This false-color near infrared time series of analysis ready data (ARD) shows crop changes along South Africa’s Orange River from December 2018 to June 2019. This calibrated dataset allows for accurate assessments of vegetation health and progress throughout the growing season. // Credit: Rasmus Houborg
AUTHOR PROFILE Ignacio Zuleta
Curious Planeteer working to make the Earth's changes visible, accessible and actionable.

Planet Experts Discuss Future of Analysis Ready Data at 2019 ARD Workshop

Tech

Last week Planet engineers helped organize the Analysis Ready Data (ARD) Research Workshop in Menlo Park, California, an event where great minds met to tackle the burning topic of how to make ARD operational in 2019. The event’s purpose was to educate and create collaborations across various industries, including data analytics providers, researchers, EO data providers, NGOs, and government agencies like USGS, ESA and NASA.

Gopal Erinjippurath, Planet’s senior director of analytics engineering, moderated a panel on ML-ready ARD. The panel was an effort to better understand what constitutes readiness of ARD  for ML-based applications and get various experts to weigh in, as Erinjippurath explains in a recent article.

“Historically, there was insufficient cross-pollination between computer vision practitioners and remote sensing scientists,” Erinjippurath says. “But in recent years they’ve been coming together to drive massive growth in scaled deep-learning powered computer vision capabilities, which is vital to innovation in analytics for remote sensing data.”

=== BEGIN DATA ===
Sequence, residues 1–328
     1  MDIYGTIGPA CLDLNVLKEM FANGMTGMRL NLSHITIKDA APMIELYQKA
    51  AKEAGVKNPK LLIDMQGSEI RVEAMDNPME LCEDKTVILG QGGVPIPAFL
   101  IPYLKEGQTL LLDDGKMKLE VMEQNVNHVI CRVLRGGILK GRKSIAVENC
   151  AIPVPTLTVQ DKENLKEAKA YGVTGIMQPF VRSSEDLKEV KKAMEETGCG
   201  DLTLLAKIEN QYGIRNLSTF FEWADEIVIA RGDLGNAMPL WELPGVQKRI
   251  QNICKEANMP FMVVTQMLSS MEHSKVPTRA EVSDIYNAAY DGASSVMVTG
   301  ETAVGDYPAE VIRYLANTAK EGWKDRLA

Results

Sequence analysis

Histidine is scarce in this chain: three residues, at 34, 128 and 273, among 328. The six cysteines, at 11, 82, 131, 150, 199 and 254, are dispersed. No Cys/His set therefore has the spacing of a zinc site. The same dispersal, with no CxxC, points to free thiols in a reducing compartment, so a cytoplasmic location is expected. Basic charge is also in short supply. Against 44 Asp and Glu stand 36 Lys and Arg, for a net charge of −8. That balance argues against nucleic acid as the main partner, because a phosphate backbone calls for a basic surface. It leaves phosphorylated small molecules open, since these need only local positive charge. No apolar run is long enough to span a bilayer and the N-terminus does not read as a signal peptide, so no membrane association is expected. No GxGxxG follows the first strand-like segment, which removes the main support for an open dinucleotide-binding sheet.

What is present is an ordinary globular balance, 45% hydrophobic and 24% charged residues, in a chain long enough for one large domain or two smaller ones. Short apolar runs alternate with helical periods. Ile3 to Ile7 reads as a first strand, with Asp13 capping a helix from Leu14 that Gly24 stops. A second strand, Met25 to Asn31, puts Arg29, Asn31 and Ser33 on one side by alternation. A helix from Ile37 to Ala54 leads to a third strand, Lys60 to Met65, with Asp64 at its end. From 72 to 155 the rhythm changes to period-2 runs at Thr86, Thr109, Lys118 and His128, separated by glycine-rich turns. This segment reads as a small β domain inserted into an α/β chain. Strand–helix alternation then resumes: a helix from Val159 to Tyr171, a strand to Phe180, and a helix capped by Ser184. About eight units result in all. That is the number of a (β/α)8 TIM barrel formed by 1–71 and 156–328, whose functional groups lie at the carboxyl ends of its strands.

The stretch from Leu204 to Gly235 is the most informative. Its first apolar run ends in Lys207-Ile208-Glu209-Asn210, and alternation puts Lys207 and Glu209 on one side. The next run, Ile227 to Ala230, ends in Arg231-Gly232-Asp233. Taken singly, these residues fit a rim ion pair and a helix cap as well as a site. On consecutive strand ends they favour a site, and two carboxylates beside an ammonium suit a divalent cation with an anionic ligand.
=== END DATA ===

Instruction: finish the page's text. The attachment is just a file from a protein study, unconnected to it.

ARD is a loose term to define a type of imagery that is pre-processed so that users can do analysis on it; it should not require a lot of work from users on the back-end to process the imagery themselves, says Chris Holmes in his explanatory piece from 2018.  These processing steps include everything from searching and downloading to seeking out different provider portals to “clipping” data to pinpoint the specific areas they want to analyze, etc.

“The typical satellite imagery expert looking to do any sort of time-series analysis has a number of preparatory steps they must take before beginning,” Holmes writes. “The idea behind Analysis Ready Data is that providers of satellite imagery are in a better position to undertake these routine steps than the average user.”

Different approaches to harmonization of data were presented by experts at the workshop, coupled with suggestions on electing standards for how to approach ARD moving forward.

Here at Planet, we have been focusing on championing ARD within the wider community and pushing for standardization of operations and data representation for wider interoperability of public and commercial earth observation datasets.

As I explained in last year’s ARD Workshop recap, the lack of standardization is a critical issue that demands immediate attention.

Despite the incredible power of satellite imagery, true interoperability remains elusive because of the difficulty in turning raw pixels from different sources into comparable insights. Even the most seasoned users of satellite data are forced to search for data across different locations and massage the imagery in order to perform analysis. There’s no widely adopted, standardized definition of “analysis-ready data,” or ARD, to which all practitioners adhere.

At the workshop, I helped chair the technical program with the help of colleagues from the industry. In particular I led a working group to help define an open-source effort to capture (in code) a proposed product level specification that can be computer readable.

If you are interested in geospatial analysis and in how we unleash the power of our EO payloads by leveraging community standardization efforts, contact me at ignacio@planet.com with inquiries.

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